Intel IOMeter Multithreaded Read & Write Patterns
This is an exciting test, too. Its point is in reading from (or writing to) the array in several threads. Our tests on single HDDs have revealed a few interesting facts. First, Maxtor’s drives have been good irrespective of the number of threads. Second, Seagate’s drives have been very poor in the multi-threaded reading test. But this time I’m testing somewhat different drives from Seagate, and in an array, and on an Areca ARC1220 controller. It means more variables are added into the equation – let’s solve it!
So, the RAID arrays perform roughly in the same way as the corresponding single HDDs.
Maxtor is still the king of this test. I am also pleased with the results of the Hitachi drive when processing several threads because it is no worse than the drives with much higher areal density. The Seagate drive does well, too. At least you don’t see such a horror as in the review of the 7200.10 series. And once again in this article I can’t but praise the WD4000KS drive. It shows how far WD’s programmers have progressed with the transition to the new generation of HDDs.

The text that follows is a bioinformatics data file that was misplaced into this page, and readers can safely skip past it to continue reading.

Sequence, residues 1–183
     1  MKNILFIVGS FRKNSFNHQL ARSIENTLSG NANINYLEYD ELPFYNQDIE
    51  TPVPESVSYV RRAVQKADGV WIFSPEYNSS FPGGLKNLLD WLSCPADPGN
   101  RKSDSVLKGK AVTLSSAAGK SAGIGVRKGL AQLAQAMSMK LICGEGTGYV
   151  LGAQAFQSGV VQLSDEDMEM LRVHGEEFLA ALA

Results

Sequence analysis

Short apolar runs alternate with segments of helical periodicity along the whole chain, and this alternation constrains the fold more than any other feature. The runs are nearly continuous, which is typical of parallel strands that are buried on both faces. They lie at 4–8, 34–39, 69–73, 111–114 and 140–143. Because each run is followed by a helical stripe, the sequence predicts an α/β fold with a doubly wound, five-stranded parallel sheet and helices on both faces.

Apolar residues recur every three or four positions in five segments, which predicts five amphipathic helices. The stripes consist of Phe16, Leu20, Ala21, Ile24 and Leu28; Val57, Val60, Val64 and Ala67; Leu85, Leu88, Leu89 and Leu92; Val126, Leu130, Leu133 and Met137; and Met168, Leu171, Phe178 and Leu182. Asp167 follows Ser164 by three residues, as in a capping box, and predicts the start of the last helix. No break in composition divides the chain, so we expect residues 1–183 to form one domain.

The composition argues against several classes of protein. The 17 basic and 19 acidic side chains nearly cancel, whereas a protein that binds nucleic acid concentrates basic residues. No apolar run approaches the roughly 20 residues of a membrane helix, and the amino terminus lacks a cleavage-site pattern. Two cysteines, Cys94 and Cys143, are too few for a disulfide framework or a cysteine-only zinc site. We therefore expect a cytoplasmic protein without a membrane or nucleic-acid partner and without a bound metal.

The speeds go down a little in RAID5 mode, but the overall picture remains unchanged.
It’s the same with RAID10: the Maxtor is on top, followed by the WD4000KS.
Let’s now see what we have at writing.
There’s nothing much exciting at writing. All the drives make use of deferred writing and all of them do it right. The Hitachi has a smaller cache buffer than its opponents and this affects its results, which are lower, even though not exactly by half.
The WD4000KS gains the lead in this mode.
And the same WD4000KS is also the best in its favorite RAID10 mode.
So, we’ve got two heroes in this test: the Maxtor shows its excellent abilities of multi-threaded reading in RAID arrays, too. And the WD4000KS is the best of all at writing.